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What is Your Dog Telling You with Its Eyes?

 by jaime on 27 Jul 2014 |
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Human beings express a range of emotions using various physical movements and expressions. As a human, you can show your happiness with a smile, or express your displeasure by frowning. You can take a tall, stiff stance with your body to display aggression, or reveal disbelief by rolling your eyes. Although it may be hard to believe, your dog possesses many of the same skills when it comes to communicating without language. Dogs will bark to express excitement, nervousness, or anger, and can also use body language to communicate. However, did you realize that your dog can also use its eyes to communicate with you?  
 
It is already well-known that wolves and dogs are social animals that rely on a pack to live a mentally healthy, happy lifestyle. Living in a pack requires various forms of communication, from tail wags and barks to general body language. A team of scientists from Japan has recently discovered that canines may also use their eyes to communicate with one another. The team found that wild canines (gray wolves, fennec foxes, and bush dogs) all gazed at each other with the same frequency, but that gray wolves held their gaze for much longer periods of time. Gray wolves even used various gazes to differentiate between play and aggression. Canines, such as wolves, have a higher level of contrast in their eyes and are likely to rely on that contrast to determine what other dogs (and people) are looking at while gazing around their environment.
 
The link between gazes and eye shape has a long way to go in order to establish a firm connection, but there are already a few well-known gazes that domestic dogs use to communicate (sometimes indirectly) to humans their mood. A domestic dog can, with some limits, vary the shape and size of its eyes. Additionally, a dog can adjust the intensity and direction of its gaze. Your domesticated dog can give you clues to its mood through its eyes. A happy dog, for instance, will exhibit eye shape and size that is normal. If your dog normally has round eyes, that normal appearance indicates that your dog is happy and relaxed at the moment.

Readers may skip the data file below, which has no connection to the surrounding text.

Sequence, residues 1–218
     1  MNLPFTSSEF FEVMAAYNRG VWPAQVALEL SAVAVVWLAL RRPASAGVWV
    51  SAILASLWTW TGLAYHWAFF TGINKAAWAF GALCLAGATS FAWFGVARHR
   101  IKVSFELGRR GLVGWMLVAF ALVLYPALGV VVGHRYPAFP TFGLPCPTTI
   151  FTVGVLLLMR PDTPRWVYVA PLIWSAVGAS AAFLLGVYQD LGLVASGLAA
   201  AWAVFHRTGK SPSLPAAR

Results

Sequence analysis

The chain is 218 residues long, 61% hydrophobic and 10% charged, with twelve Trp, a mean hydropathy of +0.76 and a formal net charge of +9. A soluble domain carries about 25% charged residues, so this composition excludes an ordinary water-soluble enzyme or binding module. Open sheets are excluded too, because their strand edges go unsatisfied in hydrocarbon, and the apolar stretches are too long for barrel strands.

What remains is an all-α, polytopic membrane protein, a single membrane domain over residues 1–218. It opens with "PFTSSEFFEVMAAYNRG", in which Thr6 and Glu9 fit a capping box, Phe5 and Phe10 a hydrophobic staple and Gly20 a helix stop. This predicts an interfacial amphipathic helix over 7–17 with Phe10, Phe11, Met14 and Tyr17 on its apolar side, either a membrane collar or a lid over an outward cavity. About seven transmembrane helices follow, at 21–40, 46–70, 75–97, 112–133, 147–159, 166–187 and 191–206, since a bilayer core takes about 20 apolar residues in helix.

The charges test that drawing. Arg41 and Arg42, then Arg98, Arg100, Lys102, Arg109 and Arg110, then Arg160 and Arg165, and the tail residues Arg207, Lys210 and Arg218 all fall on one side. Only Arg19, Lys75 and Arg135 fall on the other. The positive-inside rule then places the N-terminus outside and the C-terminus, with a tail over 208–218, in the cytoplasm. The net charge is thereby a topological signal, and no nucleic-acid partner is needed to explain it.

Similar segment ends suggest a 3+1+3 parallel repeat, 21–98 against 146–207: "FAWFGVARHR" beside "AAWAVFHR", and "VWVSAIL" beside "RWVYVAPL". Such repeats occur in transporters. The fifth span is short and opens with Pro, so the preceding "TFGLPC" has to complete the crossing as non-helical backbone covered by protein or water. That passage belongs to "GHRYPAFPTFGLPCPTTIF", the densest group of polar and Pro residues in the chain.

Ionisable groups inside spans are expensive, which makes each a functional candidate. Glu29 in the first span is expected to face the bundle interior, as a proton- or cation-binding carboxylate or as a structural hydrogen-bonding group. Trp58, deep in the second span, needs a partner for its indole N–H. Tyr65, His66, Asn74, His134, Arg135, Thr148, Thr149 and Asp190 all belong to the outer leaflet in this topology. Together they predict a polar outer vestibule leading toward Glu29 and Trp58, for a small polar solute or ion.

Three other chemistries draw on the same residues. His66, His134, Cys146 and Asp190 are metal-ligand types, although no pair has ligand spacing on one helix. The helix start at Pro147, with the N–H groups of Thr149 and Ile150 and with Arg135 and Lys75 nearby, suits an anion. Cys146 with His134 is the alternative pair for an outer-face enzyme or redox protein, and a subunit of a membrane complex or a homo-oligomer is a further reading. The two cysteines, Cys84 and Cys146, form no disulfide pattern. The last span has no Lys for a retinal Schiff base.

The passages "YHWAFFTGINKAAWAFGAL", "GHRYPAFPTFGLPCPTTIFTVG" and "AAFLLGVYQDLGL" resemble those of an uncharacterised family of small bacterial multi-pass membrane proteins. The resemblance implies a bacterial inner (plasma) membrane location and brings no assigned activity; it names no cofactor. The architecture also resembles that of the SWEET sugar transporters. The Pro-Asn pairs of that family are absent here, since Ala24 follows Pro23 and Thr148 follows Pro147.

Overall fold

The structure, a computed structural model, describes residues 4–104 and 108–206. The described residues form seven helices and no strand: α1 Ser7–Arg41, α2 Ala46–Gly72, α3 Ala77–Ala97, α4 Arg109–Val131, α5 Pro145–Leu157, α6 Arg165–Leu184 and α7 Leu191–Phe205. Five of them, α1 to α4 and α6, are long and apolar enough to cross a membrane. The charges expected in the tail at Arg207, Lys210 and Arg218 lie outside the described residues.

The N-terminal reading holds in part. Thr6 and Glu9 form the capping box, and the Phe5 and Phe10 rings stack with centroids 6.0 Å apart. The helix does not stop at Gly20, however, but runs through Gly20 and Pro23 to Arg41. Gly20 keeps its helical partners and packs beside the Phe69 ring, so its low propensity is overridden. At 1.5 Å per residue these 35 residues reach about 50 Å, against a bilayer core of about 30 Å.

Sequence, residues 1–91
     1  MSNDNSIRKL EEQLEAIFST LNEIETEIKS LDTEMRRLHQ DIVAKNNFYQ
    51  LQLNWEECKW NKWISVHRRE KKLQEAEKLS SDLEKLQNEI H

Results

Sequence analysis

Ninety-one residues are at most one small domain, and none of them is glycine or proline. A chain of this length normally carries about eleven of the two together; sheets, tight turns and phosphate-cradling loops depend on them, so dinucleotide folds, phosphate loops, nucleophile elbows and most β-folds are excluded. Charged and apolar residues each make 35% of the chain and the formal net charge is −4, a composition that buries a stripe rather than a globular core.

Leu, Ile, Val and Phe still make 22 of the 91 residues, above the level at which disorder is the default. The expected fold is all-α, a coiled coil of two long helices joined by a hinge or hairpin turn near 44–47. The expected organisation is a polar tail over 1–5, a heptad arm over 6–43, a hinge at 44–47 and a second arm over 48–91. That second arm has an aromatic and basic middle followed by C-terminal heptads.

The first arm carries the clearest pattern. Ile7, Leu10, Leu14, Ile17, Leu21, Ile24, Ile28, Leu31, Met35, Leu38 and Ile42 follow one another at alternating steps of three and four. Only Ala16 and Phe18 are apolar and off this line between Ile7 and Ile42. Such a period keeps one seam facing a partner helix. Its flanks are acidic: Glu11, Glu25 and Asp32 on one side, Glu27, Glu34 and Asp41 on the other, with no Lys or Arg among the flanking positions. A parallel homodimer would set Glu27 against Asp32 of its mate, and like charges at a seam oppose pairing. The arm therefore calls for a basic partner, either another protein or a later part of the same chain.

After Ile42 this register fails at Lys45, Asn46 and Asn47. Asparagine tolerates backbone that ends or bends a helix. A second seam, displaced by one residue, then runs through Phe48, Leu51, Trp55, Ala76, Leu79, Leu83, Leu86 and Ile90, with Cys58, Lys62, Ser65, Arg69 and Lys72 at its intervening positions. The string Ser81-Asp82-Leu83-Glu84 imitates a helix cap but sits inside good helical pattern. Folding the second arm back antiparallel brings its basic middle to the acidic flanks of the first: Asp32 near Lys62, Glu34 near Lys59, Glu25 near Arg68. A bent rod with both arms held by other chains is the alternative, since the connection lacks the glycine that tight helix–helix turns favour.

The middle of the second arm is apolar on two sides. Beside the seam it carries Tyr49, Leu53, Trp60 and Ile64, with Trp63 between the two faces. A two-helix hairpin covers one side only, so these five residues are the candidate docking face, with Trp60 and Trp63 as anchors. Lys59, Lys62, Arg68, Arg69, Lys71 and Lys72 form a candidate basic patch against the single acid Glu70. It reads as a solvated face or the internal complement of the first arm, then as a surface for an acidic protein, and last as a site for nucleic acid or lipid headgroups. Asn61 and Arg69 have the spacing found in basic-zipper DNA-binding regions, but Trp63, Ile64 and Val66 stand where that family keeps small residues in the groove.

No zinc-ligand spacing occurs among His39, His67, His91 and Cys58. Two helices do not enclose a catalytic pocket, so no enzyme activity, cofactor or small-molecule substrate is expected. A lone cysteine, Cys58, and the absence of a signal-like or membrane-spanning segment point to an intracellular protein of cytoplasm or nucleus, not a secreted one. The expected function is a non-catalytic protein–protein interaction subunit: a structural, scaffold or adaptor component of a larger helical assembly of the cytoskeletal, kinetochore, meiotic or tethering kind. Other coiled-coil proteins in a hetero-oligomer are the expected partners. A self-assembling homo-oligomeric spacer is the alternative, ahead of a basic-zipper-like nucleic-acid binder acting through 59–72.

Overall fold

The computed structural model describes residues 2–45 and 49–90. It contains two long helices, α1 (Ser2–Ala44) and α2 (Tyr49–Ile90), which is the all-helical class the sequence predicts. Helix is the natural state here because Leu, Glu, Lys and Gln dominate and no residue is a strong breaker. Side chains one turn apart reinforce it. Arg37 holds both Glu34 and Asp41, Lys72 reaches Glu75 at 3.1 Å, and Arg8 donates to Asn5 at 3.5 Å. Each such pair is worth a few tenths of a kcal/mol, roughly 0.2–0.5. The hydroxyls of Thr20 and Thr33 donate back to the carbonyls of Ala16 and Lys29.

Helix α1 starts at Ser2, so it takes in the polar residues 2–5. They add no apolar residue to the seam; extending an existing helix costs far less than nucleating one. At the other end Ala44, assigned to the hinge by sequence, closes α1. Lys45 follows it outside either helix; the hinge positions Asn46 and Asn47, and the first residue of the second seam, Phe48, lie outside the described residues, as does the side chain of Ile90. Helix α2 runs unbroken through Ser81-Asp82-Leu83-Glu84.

If, on the other hand, your dog's eyes appear larger than normal this could be a sign of aggression. When your dog's eyes appear smaller, this is usually a sign of stress or fear. An example of an aggressive cue is when your dog stares at you out of the corner of its eye. This often serves as a sign that it is ready to aggressively defend a chew toy or bowl of food.
 
Did you also know the direction of your dog's gaze sends messages too. Dogs will rarely gaze directly at one another because it is a sign of aggression. However, many domestic dogs will look directly at humans. The key is to decipher the different stares you might encounter. A dog that looks at you with a relaxed facial expression is likely happy and simply wants to interact with you.
 
If, however, the dog is staring directly at you with a tense facial expression is sending a different message. This dog feels threatened or aggressive and the best way to handle that is to slowly avert your gaze. Averting your gaze shows that you have no aggression toward the animal and can help diffuse the situation.

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